Tuesday, January 5, 2010
Dear Mr. Bradshaw: I have applied to several colleges that require personal interviews. The interviews start in January, and I am a little nervous.
Are the interviews really that important, and if so, how can I do well? Of the whole application process, these interviews scare me the most. Signed, Scared Senior
Dear Scared Senior: If you are applying to an accelerated joint undergraduate and medical school program, interviews are very important. If you do poorly, don't expect to get in.
Most colleges that have accelerated BA/MD programs require the interviews to be held on campus. Be prepared to face a star chamber of professors acting as a committee of judges whose questions are often designed to see how well you perform under pressure.
Many will ask questions you can't possibly be expected to answer. That's their goal -- to see how well you react when you don't know the answer.
I have clients applying to such programs at Boston University, Brown University, Northwestern University, Saint Louis University and the University of Rochester. And every one is nervous, so don't feel you are alone in your apprehension.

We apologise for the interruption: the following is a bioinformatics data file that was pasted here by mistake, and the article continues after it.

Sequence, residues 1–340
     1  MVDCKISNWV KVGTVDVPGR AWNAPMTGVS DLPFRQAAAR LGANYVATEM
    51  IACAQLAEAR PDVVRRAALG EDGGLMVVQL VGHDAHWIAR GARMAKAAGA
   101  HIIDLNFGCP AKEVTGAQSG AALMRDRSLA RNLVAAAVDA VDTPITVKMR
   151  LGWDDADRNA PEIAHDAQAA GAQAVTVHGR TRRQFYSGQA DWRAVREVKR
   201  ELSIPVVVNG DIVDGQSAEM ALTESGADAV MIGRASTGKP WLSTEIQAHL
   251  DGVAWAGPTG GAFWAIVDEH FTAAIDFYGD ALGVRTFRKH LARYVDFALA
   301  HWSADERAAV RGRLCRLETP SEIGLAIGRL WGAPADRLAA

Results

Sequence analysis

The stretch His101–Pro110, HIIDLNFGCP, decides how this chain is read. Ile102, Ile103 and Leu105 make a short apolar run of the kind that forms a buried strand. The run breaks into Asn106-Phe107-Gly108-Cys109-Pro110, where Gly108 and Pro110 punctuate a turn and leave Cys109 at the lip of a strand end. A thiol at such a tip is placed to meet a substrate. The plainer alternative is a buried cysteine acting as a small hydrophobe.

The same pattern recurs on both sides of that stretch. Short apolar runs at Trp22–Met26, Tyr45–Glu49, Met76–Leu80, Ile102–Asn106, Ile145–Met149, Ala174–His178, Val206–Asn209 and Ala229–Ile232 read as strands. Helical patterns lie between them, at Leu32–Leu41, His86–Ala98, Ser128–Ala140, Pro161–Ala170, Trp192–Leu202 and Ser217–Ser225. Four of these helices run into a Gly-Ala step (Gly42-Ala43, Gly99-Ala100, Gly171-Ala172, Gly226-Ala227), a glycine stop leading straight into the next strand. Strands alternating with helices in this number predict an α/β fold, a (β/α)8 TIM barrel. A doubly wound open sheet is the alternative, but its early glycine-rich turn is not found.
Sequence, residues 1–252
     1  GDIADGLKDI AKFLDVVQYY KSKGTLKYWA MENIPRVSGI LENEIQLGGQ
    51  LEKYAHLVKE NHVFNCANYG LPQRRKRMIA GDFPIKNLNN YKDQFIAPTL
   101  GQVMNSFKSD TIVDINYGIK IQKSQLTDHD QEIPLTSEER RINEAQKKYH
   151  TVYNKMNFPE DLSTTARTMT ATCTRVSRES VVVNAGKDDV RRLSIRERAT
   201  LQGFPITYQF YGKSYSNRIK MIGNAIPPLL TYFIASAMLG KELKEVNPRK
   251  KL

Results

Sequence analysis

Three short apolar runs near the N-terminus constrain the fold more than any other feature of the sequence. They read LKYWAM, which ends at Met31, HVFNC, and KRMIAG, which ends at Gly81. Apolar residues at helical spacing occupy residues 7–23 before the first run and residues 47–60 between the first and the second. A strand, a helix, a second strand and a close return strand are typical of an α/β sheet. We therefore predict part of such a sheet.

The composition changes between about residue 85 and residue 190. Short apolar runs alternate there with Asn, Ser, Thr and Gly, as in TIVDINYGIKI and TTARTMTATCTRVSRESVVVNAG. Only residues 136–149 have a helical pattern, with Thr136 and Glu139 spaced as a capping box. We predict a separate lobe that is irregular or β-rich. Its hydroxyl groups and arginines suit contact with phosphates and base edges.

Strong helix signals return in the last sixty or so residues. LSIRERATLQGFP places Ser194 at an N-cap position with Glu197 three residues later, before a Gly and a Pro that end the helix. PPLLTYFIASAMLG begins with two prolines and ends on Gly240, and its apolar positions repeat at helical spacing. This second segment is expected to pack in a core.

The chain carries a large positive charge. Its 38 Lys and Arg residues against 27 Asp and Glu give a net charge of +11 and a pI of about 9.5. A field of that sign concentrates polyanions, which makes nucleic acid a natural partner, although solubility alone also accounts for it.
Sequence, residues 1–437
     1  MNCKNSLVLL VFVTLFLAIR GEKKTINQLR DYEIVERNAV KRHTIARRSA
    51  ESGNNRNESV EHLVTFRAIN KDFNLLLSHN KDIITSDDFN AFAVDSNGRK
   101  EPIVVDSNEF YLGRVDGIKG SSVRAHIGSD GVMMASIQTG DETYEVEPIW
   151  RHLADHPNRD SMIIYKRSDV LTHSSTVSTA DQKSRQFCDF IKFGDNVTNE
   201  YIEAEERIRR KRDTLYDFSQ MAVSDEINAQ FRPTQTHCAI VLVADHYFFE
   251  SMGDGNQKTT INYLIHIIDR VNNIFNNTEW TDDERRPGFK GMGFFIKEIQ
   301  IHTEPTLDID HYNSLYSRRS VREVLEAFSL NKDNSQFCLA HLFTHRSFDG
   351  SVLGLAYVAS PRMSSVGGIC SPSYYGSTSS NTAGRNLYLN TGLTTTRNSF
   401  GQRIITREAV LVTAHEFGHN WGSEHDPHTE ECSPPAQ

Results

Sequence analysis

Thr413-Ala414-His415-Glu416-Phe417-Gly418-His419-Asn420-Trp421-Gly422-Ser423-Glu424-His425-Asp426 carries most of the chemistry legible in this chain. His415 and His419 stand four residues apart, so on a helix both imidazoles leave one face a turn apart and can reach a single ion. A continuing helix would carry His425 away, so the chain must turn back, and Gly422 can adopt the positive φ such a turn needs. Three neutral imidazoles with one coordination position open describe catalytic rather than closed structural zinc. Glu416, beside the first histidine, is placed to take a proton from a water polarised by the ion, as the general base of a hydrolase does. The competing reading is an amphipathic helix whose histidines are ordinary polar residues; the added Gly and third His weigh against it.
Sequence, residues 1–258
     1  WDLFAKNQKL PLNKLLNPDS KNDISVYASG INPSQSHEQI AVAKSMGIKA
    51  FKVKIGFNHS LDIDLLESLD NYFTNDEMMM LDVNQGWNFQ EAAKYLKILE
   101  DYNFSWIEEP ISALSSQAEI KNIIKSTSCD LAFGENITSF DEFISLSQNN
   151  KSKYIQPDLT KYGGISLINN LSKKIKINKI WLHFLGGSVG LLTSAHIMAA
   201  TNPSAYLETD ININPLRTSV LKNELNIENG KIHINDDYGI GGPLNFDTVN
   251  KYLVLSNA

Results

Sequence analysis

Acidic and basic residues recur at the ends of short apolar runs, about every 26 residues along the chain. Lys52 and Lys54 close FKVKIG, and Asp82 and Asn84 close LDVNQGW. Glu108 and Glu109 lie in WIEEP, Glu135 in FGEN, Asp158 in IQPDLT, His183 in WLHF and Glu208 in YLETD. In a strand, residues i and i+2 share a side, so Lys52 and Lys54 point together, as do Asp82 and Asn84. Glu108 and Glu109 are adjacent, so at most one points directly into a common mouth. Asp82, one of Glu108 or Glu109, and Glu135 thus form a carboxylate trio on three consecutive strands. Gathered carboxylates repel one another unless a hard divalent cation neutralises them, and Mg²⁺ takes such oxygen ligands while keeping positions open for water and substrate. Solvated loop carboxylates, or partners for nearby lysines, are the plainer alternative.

On the other hand, only the most highly competitive colleges require the student to be interviewed by alumni.
Before becoming a consultant, I interviewed applicants to Harvard College for 15 years. Harvard, like most of the highly competitive colleges, uses an extensive network of alumni to conduct the interviews.
Harvard points out that the interview is perhaps its most important recruiting tool. The admissions office admits only one of every nine applicants in recent years, and the interviewer is usually the only personal contact students have with the college.
Most other colleges follow Harvard and consider the alumni interviewer to be their official representative. Think of it as your chance to speak directly to the admission committee.
Here is my advice on how to do well in the interview:
First and most importantly, be prepared to answer the most fundamental question: Why do you want to go to our college?
You'd be surprised at the number of students who completely blow this question.